An Enigmatic Response
Author: Rabbi Yitzchak Shmuel Ackerman, LMHC
November 8th, 2015

Did you ever wonder what kind of shailos rabbonim hear nowadays? In my 22 years in rabbonus, no one ever brought me a chicken to learn if it was kosher or not. Our parents just looked at the plumba clipped onto the wing of the fresh chicken at the butcher shop. By my generation, we were checking the plastic outer label of the frozen chicken in the supermarket. So what was I asked to paskin? There’s one topic that stands out in my memory, an …
An Ounce of Dad
Author: Rabbi Yitzchak Shmuel Ackerman, LMHC
March 11th, 2021

Rabbi Yehoshua ben Levi would recite these verses [Tehilim 90] until he fell asleep. How could he do that?  Didn’t Rabbi Yehoshua ben Levi [himself] say: One is forbidden to heal himself with words of Torah?  Prevention from harm is different.   (Shavuos 15b) It is permitted to use words of Torah, including Tanach, to prevent harm even though it is not permitted for healing.  During a visit to Boston in 1733, Benjam …
Analyze Whom?
Author: Rabbi Yitzchak Shmuel Ackerman, LMHC
April 16th, 2018

Kids are not the ones who necessarily need to sit down with a therapist.  When parents gain the tools to manage stress and their own emotions in a healthy way, they’re better prepared to be there for their children.  Kids react to their environment.  When the adults are able to put children’s needs before their own, that’s when we see children behaving differently. They feel nurtured. (Lisa Marie Bobby, PhD. Cited …
Anatomy of a Tantrum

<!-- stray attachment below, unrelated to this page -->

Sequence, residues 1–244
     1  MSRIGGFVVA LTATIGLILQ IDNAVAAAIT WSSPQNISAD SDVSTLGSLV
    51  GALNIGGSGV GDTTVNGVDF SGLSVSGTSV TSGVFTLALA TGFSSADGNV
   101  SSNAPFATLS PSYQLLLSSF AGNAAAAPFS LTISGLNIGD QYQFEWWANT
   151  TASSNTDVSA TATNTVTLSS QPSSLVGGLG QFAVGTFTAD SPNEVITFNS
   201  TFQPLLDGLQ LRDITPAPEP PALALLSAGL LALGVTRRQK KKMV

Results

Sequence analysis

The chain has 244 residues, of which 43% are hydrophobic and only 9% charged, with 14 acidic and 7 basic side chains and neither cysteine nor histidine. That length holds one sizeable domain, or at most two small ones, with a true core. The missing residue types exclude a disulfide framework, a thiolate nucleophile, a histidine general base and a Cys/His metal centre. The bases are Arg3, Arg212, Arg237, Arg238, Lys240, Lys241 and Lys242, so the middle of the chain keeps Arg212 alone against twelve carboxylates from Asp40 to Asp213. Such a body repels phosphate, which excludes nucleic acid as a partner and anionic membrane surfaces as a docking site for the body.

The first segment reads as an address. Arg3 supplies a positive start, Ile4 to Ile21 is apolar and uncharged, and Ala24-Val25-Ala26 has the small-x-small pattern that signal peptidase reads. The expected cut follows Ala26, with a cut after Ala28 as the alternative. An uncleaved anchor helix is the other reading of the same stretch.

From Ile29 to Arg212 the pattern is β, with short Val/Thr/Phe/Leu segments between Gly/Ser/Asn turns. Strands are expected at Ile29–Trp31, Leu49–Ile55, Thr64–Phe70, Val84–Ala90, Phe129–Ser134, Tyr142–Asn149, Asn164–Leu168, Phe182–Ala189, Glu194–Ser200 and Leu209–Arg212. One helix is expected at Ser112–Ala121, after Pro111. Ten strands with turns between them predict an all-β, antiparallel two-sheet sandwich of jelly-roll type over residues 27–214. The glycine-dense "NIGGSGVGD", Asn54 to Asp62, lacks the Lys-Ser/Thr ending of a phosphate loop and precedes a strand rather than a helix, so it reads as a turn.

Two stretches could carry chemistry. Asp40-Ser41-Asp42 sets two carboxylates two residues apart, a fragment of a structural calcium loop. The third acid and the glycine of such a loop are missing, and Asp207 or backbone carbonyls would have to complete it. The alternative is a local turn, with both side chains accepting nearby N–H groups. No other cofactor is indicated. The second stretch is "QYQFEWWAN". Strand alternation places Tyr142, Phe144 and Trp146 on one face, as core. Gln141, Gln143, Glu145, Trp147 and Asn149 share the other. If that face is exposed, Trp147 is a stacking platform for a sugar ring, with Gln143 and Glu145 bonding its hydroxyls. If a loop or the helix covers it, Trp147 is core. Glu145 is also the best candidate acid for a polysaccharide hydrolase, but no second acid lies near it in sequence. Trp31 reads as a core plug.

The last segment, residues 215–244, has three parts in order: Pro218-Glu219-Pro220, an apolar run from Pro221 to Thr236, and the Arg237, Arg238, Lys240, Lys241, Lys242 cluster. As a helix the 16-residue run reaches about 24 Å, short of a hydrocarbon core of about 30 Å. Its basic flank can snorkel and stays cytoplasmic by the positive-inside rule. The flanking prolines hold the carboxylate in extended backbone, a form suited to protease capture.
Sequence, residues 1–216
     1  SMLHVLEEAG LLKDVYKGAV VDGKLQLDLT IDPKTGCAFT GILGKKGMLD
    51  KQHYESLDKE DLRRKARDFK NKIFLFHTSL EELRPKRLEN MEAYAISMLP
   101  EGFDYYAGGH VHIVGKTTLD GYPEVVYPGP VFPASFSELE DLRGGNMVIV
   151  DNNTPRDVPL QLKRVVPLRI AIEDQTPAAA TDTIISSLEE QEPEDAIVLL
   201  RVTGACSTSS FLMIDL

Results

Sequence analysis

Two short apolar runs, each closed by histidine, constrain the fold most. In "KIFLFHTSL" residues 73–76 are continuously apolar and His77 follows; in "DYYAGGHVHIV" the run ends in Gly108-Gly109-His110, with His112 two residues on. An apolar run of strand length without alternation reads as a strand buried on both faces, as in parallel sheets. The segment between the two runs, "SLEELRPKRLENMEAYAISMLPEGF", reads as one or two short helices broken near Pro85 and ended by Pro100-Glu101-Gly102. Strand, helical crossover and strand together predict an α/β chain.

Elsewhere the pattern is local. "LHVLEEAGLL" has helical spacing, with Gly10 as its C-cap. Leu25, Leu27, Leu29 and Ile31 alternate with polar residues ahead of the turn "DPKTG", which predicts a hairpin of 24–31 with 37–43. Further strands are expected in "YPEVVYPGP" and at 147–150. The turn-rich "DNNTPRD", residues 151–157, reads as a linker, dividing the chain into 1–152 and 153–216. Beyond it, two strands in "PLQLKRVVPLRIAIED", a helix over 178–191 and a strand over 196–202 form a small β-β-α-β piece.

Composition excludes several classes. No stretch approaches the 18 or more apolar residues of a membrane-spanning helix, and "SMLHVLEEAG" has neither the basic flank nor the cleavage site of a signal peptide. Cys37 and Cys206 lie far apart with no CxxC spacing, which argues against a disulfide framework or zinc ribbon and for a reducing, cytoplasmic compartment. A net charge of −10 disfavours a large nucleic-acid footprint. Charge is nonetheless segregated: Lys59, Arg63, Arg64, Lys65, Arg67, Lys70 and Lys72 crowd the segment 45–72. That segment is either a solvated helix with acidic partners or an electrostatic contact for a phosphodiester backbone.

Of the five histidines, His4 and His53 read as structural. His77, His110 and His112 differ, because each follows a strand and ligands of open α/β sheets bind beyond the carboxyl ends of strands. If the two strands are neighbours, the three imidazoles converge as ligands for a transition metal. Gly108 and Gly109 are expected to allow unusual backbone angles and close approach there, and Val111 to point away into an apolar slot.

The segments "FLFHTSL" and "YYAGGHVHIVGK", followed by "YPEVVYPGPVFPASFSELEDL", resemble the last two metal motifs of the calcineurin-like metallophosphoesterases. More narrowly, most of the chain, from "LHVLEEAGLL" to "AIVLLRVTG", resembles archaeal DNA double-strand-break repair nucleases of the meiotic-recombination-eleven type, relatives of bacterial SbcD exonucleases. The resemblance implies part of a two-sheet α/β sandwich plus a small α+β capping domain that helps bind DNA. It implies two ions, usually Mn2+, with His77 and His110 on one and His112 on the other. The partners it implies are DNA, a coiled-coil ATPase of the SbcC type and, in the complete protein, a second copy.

Author: Rabbi Yitzchak Shmuel Ackerman, LMHC

Rabbi Yitzchak Shmuel Ackerman, LMHC

I did not have a tantrum yesterday but if I were younger I just might have.

It all began when I received an e-mail from my friends at the Flatbush Jewish Journal with a list of deadlines by which my columns had to be submitted. When I read it more carefully, I realized it was a single deadline by which two articles were due. There was nothing intrinsically unreasonable about that request. The tantrum I managed to avert would not have been directed at them; they had no way of knowing that my wife and I would be away for the next five days on vacation. It would not have been directed at anyone. It would have simply been an expression of frustration over a situation I was finding very difficult.

Some toddlers have tantrums pretty often. We expect children to have them much less often, and by the time they become teenagers we don't expect to see tantrums anymore at all. Adults seldom throw a tantrum in the usual sense of the word. They've learned that kicking, flailing, and screaming are unbecoming, maladaptive, and unproductive.

It would be nice to imagine that adults do not become frustrated with situations they find very difficult. It would also be evidence of a rich fantasy life. So what do adults who are very frustrated with a situation and who have outgrown having a tantrum do instead?

It varies. Some get drunk; that's unbecoming. Some look around for someone to blame; that's maladaptive. Some do as little as possible to get through the situation as quickly as possible; that's unproductive. Others marshal their inner resources and seek support and guidance from family and colleagues. They eschew assigning blame, and take responsibility. They adapt to the situation and produce more worthy results.

I did express my frustration to a colleague and she helped me adapt to the situation. I hope that you'll consider this article a worthy result.

I would consider this article a worthy result if it helped you think about your child's tantrum differently. Because when you think about your child's tantrum differently you will respond to it far more effectively.

What do you think to yourself when your child has a tantrum now?

First of all, I think that I didn't do anything so terrible to her. I don't deserve this behavior from her. Second of all, I can't stand it! How long am I supposed to let her scream and kick?

Mirel sounded really angry. Fortunately, I waited to hear if she had anything else to say. Her lower lip began to tremble. She continued to speak but now her voice was breaking.

She's three years old and she hates me. What did I do so wrong?